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The Benefits of Assessing Learning Styles of Your Students and Intervening Early

I have been a special education teacher for 20 years and teach in a local school district.

Learning Style Chart

What's my style?

What's my style?

Why Should We Assess Our Student's Learning Styles?

The people that we encounter in life are usually different than we are and likewise have experienced different things than we have.

In fact, it can be said that the same is true of the learning process. Everyone learns differently, therefore it would seem to make sense that schools adjust according to this.

However, this has not been the case. In general, educators have been accustomed to grouping students into two tracks—linguistic and mathematical. In the process, educators may fail to recognize that students learn differently, therefore instruction should be adjusted to accommodate these needs. Tomlinson (1999) states that educators should meet a student at his or her level in order to maximize potential. This, however, has not been the case up to this point.

Instead, education is geared to teaching to linguistic abilities (Peterson, 1994). In the essence, the current system does not seem to accommodate the needs of all learners. Oftentimes, the children who do not do well linguistically, are the same children who do not do well in school (Peterson, 1994). The literature suggests (Campbell, Milbourne, & Silverman, 2001; Williams, 1983; & Armstrong, 2001) that children who do not fit into this continuum are those left behind. In fact, many of these same children are viewed as having a weakness, and this results in them being placed in special classrooms (Tomlinson, 1999).

Recent research was conducted to determine caregiver perceptions of children with cognitive "limitations" (Campbell, 2001). Campbell, et al (2001) found that children with cognitive limitations were viewed in terms of weakness, rather than in terms of having strengths.

In reality, it may be that these children are not cognitively limited; rather they are not challenged in another intelligence. Educators and caregivers may have become too accustomed to trying to "fix" a child’s weakness when instead they should be trying to broaden the child’s strengths (Campbell, et al, 2001). This is where problems in the educational system surface.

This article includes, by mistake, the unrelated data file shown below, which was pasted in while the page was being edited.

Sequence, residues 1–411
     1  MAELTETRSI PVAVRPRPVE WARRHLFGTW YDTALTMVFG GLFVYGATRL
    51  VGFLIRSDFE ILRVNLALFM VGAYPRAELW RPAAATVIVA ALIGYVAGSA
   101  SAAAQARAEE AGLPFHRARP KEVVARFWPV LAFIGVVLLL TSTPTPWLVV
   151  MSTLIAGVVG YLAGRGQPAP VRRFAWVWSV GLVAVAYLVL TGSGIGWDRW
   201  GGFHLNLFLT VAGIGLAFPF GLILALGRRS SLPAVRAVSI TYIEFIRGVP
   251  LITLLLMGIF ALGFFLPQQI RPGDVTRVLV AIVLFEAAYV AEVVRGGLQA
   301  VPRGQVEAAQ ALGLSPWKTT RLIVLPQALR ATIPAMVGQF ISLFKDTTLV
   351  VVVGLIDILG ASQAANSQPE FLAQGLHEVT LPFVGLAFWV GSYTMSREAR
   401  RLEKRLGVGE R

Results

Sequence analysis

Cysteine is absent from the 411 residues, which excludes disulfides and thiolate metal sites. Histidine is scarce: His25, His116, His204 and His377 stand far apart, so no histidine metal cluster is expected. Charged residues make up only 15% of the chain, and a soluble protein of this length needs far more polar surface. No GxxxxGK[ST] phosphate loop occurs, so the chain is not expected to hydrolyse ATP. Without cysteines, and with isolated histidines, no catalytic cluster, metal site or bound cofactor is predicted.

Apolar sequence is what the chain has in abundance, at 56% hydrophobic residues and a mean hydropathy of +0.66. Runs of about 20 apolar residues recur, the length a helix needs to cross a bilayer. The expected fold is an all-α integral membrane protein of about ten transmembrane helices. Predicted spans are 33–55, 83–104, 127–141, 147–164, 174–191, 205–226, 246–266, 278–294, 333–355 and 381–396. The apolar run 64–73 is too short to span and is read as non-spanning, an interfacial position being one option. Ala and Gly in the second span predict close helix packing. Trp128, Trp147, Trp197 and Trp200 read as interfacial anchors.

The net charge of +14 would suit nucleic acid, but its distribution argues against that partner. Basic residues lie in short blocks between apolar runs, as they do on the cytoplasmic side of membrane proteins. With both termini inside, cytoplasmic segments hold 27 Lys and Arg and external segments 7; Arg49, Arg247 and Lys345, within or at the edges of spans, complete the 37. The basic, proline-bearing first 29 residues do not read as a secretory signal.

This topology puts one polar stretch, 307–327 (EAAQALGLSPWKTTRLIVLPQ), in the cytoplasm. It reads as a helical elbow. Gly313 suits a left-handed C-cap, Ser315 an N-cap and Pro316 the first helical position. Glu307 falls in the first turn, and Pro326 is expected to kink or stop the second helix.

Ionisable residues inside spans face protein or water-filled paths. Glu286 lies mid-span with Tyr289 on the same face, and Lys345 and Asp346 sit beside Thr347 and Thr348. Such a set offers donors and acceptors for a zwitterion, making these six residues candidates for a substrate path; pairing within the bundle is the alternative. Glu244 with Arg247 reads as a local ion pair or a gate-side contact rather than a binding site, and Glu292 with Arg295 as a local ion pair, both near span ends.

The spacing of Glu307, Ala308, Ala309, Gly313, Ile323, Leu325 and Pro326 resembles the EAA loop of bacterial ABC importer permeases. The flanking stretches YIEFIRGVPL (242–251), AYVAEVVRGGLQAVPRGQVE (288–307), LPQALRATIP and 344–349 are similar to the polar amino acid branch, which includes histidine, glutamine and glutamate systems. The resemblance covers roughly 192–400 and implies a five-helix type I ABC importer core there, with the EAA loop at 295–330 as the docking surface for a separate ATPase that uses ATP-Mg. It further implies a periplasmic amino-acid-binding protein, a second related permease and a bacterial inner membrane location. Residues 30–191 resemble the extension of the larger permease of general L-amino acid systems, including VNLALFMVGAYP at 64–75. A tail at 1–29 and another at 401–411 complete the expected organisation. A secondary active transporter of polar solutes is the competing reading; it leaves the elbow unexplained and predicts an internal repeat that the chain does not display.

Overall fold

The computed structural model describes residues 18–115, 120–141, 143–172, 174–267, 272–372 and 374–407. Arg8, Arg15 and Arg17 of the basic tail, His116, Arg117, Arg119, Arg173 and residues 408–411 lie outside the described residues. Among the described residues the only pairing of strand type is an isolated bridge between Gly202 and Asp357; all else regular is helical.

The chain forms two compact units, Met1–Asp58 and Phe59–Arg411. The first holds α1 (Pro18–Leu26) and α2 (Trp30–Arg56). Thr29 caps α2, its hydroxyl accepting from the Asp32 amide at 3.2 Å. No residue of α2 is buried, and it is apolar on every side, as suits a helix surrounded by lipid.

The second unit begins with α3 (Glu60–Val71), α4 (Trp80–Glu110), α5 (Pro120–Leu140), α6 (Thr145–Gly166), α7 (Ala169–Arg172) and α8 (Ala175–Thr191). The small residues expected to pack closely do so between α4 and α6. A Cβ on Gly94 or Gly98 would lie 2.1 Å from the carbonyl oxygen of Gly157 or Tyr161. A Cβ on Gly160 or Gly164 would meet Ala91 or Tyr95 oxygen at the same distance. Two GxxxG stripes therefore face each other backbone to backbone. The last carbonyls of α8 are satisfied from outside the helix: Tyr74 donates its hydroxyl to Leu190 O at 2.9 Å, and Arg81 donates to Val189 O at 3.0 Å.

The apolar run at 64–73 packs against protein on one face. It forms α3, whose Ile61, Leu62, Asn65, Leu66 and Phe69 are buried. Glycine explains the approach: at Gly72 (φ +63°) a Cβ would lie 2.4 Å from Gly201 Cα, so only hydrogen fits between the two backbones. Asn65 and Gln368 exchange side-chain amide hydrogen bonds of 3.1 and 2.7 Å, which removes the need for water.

Studies (Peterson, 1994; & Campbell, 2001) suggest that instruction that fails to meet a child’s learning style will result in more students being placed in special education classrooms. It seems unfair that students who learn differently are being placed in a classroom because it is believed they require extra help. In fact, Tomlinson (1999) feels that this has indeed resulted in schools placing students in specialized classrooms. She states that this should not be the case, especially if educators become more aware of how each student learns.

Instead, educators should help "students and society find ways to accommodate, encourage, and develop students’ varied strengths..." rather than focusing on their individual weaknesses (Williams, 1983, p.9). With the advent of programs, Williams (1983) believes that the educational system will become stronger. In turn, fewer students will be referred to special education (Armstrong, 2001).

Assessment practices may need to focus on adapting instruction to include the different ways a student learns. It is necessary to assess the strengths and limitations of young children, as this may provide useful information before a child enters school (Buffalo University). Assessments can be a desired tool to help meet students before they begin developing problems. However, it is suggested that a good assessment will include information on what a child knows, what the child can do, how the child learns, and where any concerns or problems lie (Rudolph, 1999).

How Do We Use Information From Assessments?

When people refer to assessments, they immediately think there is a problem. Rarely have assessments been linked with providing a profile. It might be beneficial to conduct assessments for the purpose of identifying how a student learns and what his strengths are. By doing so, educators will have a better glimpse of how a student learns best. Of course, intelligence tests are not the only form of assessment that should be utilized.